The first step is ensuring that the sponge is completely wet and that it contains no metallic components.
Warming Beauty Products
Some cosmetics tend to harden, especially when exposed to cold temperatures like during winter. A useful hack is to use a microwave oven to liquefy the solidified products.
You should not leave the product inside (see ‘What Paint Is Used Inside a Microwave Oven?‘ post) for too long though as you may end up with a mess. Just a few seconds should do.
Myths About the Microwave Oven
Despite the many concerns people raise regarding the use of microwave ovens for cooking, it has remained to be proven that these devices pose any health risk when used as intended.
Granted, mishandling can cause harm to the user.
Nevertheless, they are proven to be quite safe. Here are some popular myths about the microwave oven.
They Can Cause Cancer
The truth is, microwaves are all around you, not just inside the microwave oven. They are the typical waves used for mobile communication.
These waves belong to a category of radiation known as non-ionizing radiation. This means that they lack the energy to alter the molecular makeup of your cells, unlike other forms like gamma rays.
Since the waves are more concentrated inside the unit, in the case that a leak occurs, the worst you can get away with are some burns. Not cancer. Both FDA and WHO have designated microwave oven to be safe IF used according to manufacturer guidelines.
Microwaving Food Destroys its Nutrients
It is a fact that cooking food in any way causes a reduction in some of the available nutrients.
However, it is misleading to imply that this effect is enhanced when using a microwave oven.
The leaching of nutrients out of food depends on the temperature at which you cook the food as well as how long the cooking lasts.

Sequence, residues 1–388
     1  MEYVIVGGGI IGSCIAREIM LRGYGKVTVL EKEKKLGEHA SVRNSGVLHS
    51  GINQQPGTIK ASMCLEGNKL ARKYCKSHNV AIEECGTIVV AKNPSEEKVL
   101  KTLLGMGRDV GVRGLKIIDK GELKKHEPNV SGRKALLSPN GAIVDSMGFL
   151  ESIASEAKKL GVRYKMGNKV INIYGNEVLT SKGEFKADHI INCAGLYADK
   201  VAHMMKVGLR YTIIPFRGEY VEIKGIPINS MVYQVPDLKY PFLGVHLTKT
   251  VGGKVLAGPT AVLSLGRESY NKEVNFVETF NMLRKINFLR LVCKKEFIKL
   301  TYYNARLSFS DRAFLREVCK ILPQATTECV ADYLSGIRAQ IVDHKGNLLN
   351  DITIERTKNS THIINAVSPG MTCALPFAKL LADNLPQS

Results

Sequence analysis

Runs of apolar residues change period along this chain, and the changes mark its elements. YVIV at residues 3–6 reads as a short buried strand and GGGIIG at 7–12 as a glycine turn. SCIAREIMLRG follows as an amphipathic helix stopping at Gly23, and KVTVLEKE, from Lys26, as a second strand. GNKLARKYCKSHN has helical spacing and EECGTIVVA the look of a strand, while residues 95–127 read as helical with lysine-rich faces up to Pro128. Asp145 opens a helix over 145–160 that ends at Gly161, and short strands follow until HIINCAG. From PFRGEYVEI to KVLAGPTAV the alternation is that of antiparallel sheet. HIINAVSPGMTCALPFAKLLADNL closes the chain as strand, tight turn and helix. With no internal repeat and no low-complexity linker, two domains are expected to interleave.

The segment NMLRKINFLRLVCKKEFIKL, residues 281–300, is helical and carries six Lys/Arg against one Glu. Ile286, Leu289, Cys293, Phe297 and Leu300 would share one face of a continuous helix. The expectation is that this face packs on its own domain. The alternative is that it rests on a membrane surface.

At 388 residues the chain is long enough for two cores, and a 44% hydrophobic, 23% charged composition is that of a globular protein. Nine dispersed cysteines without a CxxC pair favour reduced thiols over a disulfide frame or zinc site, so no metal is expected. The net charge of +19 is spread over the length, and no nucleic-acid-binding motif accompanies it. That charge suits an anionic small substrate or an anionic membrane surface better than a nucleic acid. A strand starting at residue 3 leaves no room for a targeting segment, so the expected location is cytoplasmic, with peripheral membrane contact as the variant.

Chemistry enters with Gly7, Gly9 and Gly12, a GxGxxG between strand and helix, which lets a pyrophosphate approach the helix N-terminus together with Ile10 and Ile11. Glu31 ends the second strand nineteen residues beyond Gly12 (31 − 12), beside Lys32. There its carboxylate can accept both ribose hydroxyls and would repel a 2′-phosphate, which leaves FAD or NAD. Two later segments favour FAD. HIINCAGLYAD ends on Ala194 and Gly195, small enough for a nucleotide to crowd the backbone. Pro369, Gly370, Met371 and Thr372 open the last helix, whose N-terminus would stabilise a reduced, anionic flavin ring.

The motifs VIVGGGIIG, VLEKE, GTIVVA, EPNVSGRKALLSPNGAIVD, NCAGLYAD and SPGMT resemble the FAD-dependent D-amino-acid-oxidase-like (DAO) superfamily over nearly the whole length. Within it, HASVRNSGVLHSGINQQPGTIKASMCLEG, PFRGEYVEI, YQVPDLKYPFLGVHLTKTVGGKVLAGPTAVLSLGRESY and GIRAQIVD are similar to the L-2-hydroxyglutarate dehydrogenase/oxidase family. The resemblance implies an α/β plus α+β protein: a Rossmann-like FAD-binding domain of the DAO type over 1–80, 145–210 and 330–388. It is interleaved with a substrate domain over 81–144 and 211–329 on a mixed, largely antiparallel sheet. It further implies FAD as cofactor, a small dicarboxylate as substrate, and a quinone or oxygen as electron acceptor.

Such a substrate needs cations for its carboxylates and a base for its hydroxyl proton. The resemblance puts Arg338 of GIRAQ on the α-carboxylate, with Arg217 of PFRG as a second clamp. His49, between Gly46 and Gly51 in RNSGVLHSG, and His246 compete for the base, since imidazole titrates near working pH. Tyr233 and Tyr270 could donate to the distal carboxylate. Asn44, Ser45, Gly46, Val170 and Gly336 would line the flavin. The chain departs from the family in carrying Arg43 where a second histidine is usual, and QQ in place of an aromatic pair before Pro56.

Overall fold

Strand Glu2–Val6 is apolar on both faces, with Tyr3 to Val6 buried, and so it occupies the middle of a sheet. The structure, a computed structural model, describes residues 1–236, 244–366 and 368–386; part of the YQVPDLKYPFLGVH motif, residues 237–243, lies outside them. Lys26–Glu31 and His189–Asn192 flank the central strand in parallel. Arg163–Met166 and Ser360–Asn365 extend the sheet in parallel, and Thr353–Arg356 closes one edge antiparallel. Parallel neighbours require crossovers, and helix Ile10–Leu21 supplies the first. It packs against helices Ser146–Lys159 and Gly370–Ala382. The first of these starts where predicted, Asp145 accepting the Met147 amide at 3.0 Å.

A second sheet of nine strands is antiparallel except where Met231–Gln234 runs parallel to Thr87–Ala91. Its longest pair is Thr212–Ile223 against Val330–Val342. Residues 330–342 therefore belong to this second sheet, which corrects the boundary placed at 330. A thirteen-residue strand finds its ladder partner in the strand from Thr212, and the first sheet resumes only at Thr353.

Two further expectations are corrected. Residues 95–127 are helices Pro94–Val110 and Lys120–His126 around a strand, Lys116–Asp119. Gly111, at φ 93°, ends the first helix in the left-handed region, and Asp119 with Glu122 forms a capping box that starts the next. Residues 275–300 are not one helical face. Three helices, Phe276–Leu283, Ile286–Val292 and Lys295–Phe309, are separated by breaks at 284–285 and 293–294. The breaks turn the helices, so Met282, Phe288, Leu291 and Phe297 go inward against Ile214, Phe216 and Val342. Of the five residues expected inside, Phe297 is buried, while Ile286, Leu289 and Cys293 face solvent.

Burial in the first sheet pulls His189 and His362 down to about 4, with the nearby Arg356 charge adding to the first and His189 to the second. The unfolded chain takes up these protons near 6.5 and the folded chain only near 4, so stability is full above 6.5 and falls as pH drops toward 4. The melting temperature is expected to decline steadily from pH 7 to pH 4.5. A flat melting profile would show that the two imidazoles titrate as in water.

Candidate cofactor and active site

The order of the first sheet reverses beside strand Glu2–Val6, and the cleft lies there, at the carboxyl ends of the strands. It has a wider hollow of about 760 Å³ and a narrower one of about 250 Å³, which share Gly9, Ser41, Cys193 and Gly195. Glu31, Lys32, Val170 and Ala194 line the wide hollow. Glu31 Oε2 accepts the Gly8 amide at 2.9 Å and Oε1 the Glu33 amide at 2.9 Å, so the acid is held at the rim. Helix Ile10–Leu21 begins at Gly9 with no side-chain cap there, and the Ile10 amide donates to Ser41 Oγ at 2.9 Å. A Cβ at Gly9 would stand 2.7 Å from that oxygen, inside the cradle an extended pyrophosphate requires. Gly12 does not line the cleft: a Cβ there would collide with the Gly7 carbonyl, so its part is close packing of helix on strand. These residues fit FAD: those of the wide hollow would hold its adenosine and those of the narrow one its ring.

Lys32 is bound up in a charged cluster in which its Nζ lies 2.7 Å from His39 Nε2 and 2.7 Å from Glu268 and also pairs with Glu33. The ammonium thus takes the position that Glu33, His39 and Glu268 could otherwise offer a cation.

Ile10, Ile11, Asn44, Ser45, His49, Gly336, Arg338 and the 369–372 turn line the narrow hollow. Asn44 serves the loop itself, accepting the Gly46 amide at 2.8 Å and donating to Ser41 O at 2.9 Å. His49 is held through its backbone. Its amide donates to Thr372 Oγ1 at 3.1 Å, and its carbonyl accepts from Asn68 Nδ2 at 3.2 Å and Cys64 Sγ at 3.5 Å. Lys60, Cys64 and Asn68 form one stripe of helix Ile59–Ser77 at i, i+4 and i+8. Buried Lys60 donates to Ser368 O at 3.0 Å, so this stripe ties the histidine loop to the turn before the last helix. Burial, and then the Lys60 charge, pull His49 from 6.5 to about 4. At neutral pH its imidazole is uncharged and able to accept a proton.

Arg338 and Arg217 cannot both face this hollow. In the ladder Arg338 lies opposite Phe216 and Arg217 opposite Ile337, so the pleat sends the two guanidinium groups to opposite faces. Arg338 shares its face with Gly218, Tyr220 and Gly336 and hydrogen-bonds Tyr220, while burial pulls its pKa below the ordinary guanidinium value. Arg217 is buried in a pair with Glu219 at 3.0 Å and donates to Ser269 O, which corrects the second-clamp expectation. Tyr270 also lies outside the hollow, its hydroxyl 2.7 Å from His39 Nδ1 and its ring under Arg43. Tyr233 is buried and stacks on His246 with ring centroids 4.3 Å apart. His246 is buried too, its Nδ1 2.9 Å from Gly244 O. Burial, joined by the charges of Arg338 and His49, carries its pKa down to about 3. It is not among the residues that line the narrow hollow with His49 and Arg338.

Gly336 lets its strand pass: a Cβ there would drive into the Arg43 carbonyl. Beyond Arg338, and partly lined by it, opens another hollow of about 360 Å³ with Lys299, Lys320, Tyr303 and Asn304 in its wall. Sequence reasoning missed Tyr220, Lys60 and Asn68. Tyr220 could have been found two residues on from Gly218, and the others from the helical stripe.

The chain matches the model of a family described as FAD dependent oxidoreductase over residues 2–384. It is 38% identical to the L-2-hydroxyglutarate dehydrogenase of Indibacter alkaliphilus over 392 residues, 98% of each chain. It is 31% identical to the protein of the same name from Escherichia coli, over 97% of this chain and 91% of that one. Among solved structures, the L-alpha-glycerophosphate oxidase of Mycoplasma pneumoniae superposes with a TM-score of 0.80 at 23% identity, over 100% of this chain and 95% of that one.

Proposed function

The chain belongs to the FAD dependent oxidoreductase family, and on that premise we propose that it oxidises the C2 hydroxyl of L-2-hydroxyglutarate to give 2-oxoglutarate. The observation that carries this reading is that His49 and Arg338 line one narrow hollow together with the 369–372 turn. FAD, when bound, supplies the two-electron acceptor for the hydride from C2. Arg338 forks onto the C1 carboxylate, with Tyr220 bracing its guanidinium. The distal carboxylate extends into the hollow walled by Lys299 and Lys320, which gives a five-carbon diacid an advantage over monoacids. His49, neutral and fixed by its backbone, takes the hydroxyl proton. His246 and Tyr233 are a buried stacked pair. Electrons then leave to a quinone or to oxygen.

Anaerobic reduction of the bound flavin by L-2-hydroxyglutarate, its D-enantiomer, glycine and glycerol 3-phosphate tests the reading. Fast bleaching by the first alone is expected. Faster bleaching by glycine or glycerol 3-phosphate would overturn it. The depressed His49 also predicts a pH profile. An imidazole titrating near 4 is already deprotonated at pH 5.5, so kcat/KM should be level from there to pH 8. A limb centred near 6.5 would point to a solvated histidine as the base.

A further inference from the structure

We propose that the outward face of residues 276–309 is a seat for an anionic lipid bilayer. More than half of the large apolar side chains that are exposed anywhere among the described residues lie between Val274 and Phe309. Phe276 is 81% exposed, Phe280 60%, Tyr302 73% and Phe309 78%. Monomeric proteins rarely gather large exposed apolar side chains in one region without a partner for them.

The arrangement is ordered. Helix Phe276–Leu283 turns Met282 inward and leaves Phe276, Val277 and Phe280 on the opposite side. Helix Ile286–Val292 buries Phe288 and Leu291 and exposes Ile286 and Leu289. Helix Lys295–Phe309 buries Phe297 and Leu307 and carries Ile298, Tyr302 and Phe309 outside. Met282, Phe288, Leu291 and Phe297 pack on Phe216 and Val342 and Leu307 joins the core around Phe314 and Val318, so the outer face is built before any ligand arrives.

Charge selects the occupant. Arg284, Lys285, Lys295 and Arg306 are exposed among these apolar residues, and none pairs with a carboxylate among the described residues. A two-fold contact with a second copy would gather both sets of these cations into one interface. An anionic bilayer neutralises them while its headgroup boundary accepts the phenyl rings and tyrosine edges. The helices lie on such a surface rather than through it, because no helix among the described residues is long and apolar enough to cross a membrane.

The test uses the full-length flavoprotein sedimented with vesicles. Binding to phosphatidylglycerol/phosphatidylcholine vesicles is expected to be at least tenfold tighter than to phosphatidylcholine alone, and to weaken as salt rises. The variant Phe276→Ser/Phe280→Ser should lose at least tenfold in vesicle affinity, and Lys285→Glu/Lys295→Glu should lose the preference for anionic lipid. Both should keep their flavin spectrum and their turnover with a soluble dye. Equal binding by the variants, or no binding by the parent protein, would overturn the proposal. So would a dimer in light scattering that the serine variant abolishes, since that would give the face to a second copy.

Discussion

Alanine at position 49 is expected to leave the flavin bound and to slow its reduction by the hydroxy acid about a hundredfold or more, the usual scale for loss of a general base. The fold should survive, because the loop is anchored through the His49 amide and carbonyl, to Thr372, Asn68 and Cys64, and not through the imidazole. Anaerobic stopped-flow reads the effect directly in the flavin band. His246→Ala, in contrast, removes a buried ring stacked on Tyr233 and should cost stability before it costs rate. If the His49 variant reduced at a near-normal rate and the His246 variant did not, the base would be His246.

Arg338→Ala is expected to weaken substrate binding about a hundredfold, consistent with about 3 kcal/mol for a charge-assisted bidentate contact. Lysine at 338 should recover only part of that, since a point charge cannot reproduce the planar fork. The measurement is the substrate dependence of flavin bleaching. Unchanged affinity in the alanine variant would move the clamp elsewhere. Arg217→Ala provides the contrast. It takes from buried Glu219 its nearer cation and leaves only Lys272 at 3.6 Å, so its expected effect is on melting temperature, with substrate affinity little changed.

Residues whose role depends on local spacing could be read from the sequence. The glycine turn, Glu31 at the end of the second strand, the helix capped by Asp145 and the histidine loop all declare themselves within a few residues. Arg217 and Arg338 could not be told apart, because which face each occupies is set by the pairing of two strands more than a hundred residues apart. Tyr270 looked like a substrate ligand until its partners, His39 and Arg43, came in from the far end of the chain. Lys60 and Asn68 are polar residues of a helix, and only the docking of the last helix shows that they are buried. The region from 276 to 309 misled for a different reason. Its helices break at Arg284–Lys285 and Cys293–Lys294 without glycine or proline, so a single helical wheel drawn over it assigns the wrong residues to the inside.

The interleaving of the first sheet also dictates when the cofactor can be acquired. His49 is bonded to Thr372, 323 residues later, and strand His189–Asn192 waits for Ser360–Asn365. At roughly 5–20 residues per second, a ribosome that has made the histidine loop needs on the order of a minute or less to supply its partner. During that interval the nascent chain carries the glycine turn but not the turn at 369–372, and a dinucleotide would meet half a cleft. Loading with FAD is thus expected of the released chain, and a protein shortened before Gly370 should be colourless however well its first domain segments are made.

Also, some cooking methods especially those that use water (boiling, stew etc) can be more wasteful. Cooking in a microwave means less use of water as well as less time used. So you may end up retaining more nutrients as opposed to boiling.
Microwaving Makes Food Radioactive
This one is so popular that at one point in time, cooking food in a microwave was referred to as “nuking”.
To debunk this, we need to understand how the microwave works.
The simple explanation is that the waves make some molecules in the food vibrate and heat energy is produced that in turn cooks the food.
No molecular structures are changed and thus no genetic structure or chemical bonds are broken. This is because, as mentioned earlier, microwaves are non-ionizing radiation.
Precautions When Using a Microwave
There are a few things you need to consider when using a microwave. First, avoid putting anything metallic inside the device as this can cause sparks and in extreme cases, explosions!
It’s equally advisable to avoid heating food in plastic containers unless they are microwave-safe.
Ensure you cover your food when heating it to avoid the occasional splattering and beware, thawing solid foods in a microwave can cause partial cooking.
Lastly, DO NOT use a faulty microwave oven. DO NOT give up a faulty microwave up for sale or donation either.
Microwave ovens are versatile devices with plenty of uses at home. Without them, some cooking tasks would have been much harder and would have as well taken a lot of time.
In this article, we had a bird-eye view of what is a microwave oven. We did not go into the specifics of how it works, instead we just reviewed the appliance itself.
While its invention was more of an accident, its value continues to strike us as one of the most useful kitchen equipment (see also ‘Air Fryer vs Microwave‘).
Using one is very straightforward, and with a few precautions taken, you can be sure that the device will continue to serve you for a long time.